Wednesday, May 7, 2008

Serving All and Sacrificing None

The Wisconsin Bishops on April 29, 2008 released a pastoral letter Serving All and Sacrificing None: Ethical Stem Cell Research.
It is scientists who have demonstrated that the single cell, or zygote that results from fertilization, contains the complete genetic information necessary for the development of a unique human being. It is scientists who have shown us that human development is a continuous, uninterrupted process, from zygote, embryo, fetus, infant, child, to adult.

These prevailing scientific opinions, they go on, are consistent with Church teaching.
We are persons whether our reasoning skills are developing or deteriorating, whether we are in the beginning stages of life or nearing life’s end.

Given that,
We are not seeking to “impose” narrow doctrinal beliefs, but rather to “propose” reasonable standards for the protection of human life and dignity.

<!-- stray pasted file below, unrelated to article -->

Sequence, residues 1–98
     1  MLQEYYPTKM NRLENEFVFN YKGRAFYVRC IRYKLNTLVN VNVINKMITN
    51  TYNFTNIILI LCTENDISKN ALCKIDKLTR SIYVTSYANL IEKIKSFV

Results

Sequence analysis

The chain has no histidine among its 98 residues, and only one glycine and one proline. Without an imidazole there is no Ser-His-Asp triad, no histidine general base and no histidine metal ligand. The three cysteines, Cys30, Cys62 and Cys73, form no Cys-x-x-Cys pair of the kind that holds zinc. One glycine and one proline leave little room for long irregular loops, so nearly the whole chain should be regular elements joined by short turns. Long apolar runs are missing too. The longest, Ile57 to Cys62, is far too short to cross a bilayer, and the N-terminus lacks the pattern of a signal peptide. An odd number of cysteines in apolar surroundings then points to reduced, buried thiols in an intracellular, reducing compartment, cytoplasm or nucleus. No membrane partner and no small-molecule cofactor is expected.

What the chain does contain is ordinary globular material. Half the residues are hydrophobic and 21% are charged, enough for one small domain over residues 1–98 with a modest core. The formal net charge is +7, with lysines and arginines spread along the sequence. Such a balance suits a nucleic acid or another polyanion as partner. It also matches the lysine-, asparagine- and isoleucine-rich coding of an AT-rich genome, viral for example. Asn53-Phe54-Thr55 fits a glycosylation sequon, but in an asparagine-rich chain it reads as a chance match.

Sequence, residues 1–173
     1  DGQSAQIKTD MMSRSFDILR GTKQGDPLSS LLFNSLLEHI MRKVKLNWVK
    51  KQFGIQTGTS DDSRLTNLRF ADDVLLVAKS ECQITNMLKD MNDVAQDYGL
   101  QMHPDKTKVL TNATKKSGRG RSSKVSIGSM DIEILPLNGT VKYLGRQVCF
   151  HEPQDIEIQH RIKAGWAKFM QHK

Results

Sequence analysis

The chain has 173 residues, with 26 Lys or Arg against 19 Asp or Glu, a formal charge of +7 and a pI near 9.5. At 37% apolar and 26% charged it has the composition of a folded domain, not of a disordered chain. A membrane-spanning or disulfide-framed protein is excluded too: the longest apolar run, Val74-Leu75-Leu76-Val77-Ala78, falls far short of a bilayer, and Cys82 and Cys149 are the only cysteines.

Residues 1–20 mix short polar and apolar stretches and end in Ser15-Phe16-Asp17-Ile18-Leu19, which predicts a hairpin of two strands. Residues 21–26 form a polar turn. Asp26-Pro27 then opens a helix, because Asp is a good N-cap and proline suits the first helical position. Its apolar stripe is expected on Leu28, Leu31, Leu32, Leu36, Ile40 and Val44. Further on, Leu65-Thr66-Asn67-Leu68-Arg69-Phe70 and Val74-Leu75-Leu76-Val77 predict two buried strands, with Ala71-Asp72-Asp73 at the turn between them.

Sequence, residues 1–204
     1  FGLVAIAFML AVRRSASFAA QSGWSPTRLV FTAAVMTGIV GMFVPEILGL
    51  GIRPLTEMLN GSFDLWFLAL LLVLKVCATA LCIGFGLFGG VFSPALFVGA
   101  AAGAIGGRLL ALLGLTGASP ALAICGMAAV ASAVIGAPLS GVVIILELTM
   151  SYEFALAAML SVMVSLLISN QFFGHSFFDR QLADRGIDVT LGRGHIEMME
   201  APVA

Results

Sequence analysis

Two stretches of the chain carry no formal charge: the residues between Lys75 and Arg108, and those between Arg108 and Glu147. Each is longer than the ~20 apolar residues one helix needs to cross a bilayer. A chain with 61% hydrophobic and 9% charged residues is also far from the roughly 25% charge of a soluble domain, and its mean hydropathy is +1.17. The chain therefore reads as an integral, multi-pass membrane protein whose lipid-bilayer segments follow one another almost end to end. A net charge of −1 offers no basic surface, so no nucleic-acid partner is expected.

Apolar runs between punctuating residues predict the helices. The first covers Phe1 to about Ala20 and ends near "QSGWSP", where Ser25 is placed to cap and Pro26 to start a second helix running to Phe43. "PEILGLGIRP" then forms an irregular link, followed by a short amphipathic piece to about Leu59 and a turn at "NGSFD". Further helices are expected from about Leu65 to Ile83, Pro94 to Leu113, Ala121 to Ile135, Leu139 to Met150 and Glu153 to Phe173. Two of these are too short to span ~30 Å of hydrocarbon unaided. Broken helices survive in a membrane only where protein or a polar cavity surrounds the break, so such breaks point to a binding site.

The resources linked at the Wisconsin Catholic Conference website include a press release and a 14 minute video. The pastoral letter was covered in the May 1, 2008 Milwaukee Catholic Herald, Bishops' stem cell letter spotlights 'timeless Catholic teaching'. Perhaps it has been or will be discussed in some homilies.

P.S. The bishops tried to bolster their argument with this analogy.
Furthermore, raising moral concerns is essential for genuine scientific progress. Consider the infamous biomedical case of the Tuskegee Syphilis Study. Even after penicillin was discovered in 1947, medical researchers working for the U.S. Public Health Service in Tuskegee, Alabama, deliberately withheld the drug from infected African-American men—impoverished and mostly illiterate—without their consent, so that they could study the full progression of the disease.

These experiments happened to be the subject of Jonah Goldberg's May 2, 2008 column, Tall Tales About Tuskegee. The Tuskegee study began in 1932. Much later, when penicillin treatment for syphilis was developed, it does not appear to have been clear it would be appropriate for the study participants' advanced cases. The problem with Tuskegee, from today's perspective, was
They were told they were getting “treatments” when they were merely being studied.

That's not particularly pertinent to the issue of embryonic stem cell research.

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